A new bill in South Carolina that would create a new high school class for gun training is getting mixed reviews.
Spartanburg Sen. Lee Bright introduced the bill. He said the class would be offered as an elective, and each district would get to decide whether to offer it. It would focus on firearm safety and the Second Amendment.
Bright told Eyewitness News that the school shooting in Newtown, Conn., made him rethink the Second Amendment.
"I believe the more guns we have the safer we are, because had there been someone in Newtown with a weapon, had it been a teacher, they could have stopped it early," he said.
He said the class would be taught by law-enforcement officials.
High school junior Zian Haselden thinks it could help make her high school safer, but she knows there's a risk too. "Just getting guns into the hands of certain students that could potentially harm others," she said.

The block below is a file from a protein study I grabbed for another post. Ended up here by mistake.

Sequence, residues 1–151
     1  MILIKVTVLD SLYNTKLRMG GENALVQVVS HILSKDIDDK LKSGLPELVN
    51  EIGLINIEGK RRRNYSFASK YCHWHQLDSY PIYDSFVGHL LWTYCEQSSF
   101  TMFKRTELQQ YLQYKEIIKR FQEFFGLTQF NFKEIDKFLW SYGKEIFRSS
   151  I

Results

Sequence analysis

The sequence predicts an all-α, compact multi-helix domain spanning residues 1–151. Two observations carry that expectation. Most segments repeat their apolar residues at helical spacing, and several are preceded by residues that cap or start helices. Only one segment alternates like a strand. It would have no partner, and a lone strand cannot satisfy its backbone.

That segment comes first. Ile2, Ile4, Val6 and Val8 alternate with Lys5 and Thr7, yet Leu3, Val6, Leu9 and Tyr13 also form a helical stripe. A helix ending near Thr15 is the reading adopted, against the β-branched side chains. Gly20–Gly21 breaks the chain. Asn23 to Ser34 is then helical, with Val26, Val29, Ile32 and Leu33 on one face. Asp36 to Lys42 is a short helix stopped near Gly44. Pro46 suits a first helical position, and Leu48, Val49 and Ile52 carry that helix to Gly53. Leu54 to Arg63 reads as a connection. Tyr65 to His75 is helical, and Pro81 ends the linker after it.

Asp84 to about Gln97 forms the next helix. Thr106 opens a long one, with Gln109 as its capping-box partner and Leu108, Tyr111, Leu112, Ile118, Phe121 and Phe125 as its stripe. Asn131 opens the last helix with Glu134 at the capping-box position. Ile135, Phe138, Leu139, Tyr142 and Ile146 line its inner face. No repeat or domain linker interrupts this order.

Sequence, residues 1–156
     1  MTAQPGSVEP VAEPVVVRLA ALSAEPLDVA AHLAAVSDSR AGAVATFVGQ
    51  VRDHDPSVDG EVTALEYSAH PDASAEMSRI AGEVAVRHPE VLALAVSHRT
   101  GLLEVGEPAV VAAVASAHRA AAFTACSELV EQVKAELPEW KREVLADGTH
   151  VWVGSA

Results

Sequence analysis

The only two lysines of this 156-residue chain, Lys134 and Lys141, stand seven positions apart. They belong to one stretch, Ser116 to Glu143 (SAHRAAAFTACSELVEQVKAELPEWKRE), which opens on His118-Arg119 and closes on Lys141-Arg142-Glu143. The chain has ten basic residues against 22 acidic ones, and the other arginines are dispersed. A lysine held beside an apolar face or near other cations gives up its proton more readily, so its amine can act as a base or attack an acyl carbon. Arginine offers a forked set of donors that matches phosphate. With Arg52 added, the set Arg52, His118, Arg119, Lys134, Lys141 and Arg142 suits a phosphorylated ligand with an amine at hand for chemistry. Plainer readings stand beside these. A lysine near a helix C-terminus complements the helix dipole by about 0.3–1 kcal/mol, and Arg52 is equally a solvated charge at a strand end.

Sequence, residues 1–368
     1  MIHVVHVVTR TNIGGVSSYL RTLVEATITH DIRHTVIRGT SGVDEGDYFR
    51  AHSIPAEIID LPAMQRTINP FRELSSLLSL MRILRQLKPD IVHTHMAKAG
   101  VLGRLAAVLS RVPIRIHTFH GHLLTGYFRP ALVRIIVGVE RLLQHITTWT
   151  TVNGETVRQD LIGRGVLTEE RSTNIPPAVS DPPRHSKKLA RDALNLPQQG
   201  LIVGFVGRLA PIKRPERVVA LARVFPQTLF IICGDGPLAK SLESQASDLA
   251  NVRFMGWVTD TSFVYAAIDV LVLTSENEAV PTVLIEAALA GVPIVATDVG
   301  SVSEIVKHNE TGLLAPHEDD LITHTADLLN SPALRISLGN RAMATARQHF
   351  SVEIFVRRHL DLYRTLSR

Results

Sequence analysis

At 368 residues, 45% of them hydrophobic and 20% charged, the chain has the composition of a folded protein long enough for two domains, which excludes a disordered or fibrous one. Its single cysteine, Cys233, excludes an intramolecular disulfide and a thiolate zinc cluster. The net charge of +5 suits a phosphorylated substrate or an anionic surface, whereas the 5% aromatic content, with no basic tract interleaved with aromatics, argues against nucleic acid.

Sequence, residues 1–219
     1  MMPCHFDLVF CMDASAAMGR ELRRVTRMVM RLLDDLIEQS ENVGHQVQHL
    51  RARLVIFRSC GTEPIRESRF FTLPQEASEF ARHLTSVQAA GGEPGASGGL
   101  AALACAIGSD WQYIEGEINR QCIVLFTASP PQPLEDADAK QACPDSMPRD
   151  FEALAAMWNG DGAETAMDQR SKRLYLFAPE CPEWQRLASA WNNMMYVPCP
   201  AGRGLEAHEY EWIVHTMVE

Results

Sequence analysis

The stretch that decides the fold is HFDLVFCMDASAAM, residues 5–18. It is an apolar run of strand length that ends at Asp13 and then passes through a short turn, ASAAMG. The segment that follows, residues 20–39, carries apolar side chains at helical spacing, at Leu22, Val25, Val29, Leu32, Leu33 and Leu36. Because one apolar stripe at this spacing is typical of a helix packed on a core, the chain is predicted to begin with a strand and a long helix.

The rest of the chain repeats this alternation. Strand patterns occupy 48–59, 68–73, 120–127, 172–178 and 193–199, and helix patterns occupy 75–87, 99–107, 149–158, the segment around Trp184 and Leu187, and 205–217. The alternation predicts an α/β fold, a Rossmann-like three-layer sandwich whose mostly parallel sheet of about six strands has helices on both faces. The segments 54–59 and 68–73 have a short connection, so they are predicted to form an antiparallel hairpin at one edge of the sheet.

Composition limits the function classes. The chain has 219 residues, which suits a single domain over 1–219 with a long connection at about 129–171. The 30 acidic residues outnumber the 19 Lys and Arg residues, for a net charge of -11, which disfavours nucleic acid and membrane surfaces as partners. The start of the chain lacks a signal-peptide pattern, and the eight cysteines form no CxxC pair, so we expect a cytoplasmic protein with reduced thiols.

Haselden's mother, Sheila, thinks the class is a good idea. " I think kids need to know safety and stuff and if they're not going to learn at home, they need to learn it somewhere."
But others, such as 20-year-old Moira Jordan, worry about the idea of guns in class.
"There are some kids who are that, they're kids. I do not think that would be a good idea for a lot of kids."
Bright said the chairman of the Judiciary Committee will now decide if the bill gets voted on in subcommittee. However, it's not clear if or when that would happen.
Eyewitness News called a number of school district officials in York County to see if they thought the classes could be a possibility here, but we did not hear back by news time.